I’ve heard great things about Austin, TX from many people, but never had a chance to visit until recently. I was lucky enough to have a few business meetings that brought me there with my colleague. Not only did we have great meetings with partners and customers but we also got to get a little taste of Austin in a short time.
While the food was great – and I had plenty of it while there – one of my favorite parts of the trip was shopping. I had to be careful because I traveled with a carry-on bag and I will do anything to avoid checking luggage, but I was determined to buy a pair of cowboy boots in Texas. Not that I can’t buy cowboy boots at plenty of places in Las Vegas, but there is something about the cowboy mystique in Texas that just makes it more special.
I headed to Allen’s Boots in the trendy SoCo (South Congress) area, and found my perfect pair. Now that my personal search was over, it was time to buy a couple of gifts. My husband loves hot sauce, so when I came across Tears of Joy on 6th, I knew it was a shop that I needed to see. I was excited for the first 30 seconds, until I realized that the majority of hot sauce bottles are not “carry on friendly” bottles of 3 ounces or less. Luckily, the shop owner realizes this can be a limitation for some and carries some sauces in smaller bottles. Specifically, their signature locally made sauces. I picked up a bottle of Austin in August with hopes that my husband will enjoy it.
But when I saw a large bottle of one of my favorite brands from Belize, I was tempted to stray from my plan and just check my bag, but the image of hot sauce breaking in my suitcase and destroying my new boots is too tough to bear, so I reluctantly put the bottle down.
When I get back to my hotel room, I decide to see if Tears of Joy has a website in case August in Austin becomes a must have in our pantry, or if I could have my precious Marie Sharps shipped to me in Las Vegas.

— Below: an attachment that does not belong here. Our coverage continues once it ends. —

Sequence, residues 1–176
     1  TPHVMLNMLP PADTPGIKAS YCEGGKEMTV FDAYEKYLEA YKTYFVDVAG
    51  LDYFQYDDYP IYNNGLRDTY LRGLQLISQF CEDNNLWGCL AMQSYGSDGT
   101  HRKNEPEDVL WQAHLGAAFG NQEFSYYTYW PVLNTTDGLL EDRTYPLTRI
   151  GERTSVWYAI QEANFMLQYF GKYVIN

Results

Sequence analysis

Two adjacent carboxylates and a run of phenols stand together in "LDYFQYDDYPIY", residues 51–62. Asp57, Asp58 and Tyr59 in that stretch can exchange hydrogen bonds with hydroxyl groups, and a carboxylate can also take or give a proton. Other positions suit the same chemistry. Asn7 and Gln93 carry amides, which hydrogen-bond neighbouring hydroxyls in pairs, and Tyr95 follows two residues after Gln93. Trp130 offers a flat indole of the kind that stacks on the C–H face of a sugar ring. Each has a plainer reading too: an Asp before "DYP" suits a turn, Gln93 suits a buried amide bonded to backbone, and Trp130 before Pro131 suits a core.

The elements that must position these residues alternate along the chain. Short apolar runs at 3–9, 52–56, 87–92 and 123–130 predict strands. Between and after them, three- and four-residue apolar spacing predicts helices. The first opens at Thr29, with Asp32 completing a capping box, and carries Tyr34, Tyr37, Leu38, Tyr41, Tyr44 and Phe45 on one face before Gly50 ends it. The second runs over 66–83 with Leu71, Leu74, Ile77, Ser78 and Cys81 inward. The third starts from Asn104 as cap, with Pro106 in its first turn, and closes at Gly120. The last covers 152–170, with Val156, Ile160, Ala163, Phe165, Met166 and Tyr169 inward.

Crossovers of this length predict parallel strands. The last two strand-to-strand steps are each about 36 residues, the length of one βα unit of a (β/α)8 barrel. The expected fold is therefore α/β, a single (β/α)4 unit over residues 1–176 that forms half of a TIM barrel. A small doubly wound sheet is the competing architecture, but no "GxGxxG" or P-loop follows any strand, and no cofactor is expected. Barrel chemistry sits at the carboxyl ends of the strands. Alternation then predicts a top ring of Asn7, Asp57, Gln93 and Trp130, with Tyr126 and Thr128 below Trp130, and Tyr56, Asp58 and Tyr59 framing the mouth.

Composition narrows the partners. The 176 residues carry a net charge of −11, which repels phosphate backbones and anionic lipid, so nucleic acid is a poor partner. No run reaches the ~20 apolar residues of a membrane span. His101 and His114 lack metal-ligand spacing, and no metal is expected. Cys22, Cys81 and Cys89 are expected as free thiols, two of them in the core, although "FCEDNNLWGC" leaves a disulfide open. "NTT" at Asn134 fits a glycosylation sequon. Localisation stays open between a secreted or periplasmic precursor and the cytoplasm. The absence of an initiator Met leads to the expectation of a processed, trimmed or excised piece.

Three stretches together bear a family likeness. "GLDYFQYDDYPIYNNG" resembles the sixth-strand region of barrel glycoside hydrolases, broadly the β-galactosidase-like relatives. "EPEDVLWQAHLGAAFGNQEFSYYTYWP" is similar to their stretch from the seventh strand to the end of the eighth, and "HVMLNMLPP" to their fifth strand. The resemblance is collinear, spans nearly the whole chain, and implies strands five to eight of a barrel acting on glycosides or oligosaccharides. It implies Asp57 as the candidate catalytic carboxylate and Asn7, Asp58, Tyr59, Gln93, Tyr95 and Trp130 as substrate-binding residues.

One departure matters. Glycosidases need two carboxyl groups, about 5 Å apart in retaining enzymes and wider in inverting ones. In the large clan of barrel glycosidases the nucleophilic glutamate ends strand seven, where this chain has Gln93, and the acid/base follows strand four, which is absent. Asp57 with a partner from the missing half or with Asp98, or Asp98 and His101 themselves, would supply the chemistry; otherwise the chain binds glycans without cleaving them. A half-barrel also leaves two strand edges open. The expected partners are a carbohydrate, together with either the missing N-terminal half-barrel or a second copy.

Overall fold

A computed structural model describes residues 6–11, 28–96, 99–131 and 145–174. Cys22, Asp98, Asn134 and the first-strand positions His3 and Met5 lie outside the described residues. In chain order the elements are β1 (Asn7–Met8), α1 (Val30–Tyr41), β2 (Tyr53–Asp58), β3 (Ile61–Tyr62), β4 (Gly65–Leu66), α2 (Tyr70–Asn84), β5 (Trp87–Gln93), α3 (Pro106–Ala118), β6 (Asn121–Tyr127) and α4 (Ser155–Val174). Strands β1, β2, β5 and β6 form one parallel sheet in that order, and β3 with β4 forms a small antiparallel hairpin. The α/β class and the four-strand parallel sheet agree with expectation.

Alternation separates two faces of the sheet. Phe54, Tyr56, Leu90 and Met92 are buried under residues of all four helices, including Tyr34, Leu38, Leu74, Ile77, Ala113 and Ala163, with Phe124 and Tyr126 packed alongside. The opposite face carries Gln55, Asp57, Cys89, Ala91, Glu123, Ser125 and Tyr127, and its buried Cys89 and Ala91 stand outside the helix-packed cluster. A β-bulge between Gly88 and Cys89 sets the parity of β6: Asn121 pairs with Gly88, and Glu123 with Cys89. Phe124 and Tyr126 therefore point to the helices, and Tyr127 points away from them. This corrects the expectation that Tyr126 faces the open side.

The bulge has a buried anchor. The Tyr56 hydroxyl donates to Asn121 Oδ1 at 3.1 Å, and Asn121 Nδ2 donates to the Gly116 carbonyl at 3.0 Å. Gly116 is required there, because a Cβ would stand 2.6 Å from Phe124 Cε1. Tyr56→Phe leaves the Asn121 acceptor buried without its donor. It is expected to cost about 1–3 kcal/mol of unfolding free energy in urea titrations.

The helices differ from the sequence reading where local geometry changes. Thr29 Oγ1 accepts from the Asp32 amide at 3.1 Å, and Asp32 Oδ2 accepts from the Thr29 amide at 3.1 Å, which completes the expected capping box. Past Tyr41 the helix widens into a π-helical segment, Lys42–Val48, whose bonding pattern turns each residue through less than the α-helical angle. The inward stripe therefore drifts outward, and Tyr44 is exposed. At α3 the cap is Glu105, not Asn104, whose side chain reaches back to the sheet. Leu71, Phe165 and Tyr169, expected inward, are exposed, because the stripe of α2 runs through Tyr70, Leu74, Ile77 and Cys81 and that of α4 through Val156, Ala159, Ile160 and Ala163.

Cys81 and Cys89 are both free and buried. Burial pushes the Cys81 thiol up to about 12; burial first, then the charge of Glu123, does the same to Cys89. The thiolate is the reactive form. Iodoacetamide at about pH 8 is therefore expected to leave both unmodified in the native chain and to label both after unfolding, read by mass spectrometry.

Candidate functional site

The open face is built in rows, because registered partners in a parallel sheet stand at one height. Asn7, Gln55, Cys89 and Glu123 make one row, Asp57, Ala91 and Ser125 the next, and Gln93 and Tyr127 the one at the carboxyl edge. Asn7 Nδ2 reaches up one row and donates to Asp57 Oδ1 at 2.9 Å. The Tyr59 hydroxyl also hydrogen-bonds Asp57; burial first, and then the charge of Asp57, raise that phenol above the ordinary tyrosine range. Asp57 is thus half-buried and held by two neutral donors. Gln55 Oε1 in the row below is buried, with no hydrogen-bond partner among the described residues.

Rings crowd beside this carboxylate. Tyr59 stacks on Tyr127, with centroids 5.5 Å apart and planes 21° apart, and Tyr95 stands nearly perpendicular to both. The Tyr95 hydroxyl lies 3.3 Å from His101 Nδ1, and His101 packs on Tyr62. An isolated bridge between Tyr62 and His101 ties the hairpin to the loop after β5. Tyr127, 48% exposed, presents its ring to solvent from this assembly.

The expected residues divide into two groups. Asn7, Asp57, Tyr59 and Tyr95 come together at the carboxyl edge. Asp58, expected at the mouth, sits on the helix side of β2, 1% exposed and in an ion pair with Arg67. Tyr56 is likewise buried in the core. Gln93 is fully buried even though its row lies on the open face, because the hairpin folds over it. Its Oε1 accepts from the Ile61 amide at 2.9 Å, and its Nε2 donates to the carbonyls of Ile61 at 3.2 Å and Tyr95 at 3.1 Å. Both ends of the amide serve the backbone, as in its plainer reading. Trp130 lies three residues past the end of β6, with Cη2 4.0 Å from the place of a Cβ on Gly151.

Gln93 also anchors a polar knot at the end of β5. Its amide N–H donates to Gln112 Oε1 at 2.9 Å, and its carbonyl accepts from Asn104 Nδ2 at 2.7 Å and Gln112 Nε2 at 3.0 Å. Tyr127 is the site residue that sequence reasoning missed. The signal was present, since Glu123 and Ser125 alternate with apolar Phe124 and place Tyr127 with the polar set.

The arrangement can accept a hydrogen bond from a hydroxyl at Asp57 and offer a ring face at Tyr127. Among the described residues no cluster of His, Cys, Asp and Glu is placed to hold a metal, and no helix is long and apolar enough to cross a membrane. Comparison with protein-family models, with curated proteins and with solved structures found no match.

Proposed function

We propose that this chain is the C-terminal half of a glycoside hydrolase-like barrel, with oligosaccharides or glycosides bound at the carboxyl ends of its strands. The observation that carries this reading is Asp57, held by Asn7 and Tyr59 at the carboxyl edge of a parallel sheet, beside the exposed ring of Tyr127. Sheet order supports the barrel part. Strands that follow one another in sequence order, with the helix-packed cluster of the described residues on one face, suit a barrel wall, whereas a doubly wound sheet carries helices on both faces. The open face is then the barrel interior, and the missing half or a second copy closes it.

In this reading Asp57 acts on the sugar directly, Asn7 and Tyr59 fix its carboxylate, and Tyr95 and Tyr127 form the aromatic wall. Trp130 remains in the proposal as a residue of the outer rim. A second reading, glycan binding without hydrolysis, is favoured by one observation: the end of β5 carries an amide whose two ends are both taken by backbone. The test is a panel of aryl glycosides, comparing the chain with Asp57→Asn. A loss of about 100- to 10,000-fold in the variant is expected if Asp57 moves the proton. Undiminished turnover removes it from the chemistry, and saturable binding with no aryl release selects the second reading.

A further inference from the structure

What I find on the Tears of Joy website is disappointing:
“We ship via the United States Postal Service (USPS). The options for domestic shipping are Parcel Post and Priority Mail. We do not overnight packages. Parcel Post shipping time is 6 – 10 business days (weekends are not included) and Priority Mail is 3 – 5 business days. USPS offers NO tracking for any of these shipping methods. Orders received will be processed and shipped within 2 days of receipt, but usually the same day. Shipping cost is calculated via the USPS website.”
Being someone who is used to Amazon Prime shipping, the thought of waiting 6-10 business days seems like an eternity to me, and to have to pay more for priority mail that does not include tracking for hot sauce that costs less than $10 a bottle also seems pointless to me. I’m not alone in my thinking. According to a Voxware survey of over 600 consumers, 48% of respondents expect their online delivery to arrive within 4 days assuming standard (i.e. free or close to free) shipping.
So, what’s the takeaway for other ecommerce retailers?
- Ecommerce retailers are competing with a very competitive ecosystem including Amazon prime, other ecommerce sites, multichannel retailers (who are offering things like buy online, pickup in store) and pure play brick and mortar retailers.
- Consumer expectation of speed is influenced by offerings like Amazon Prime and consumers expect that most products should be able to be delivered within 4 days at no cost or very little cost to them.
- The expectation of tracking a package is the norm. Perhaps this is why USPS is losing the game against UPS and FedEx.
- Consider how your shipping and delivery options influence your customer at point of purchase. A recent study by Comscore found that 55% of consumers abandoned an online shopping cart because total shipping costs made the purchase cost more than expected and 60% expect an estimated or guaranteed delivery date at checkout.
- If you can’t meet consumer expectations, you can easily lose that customer (and all their potential referrals) for life.
- Consider outsourcing fulfillment to an expert in ecommerce fulfillment if you would like to increase customer satisfaction and loyalty.
The moral of the story: Austin in August is good, but I’m sure I can find plenty of local hot sauce in Las Vegas that will provide me instant gratification.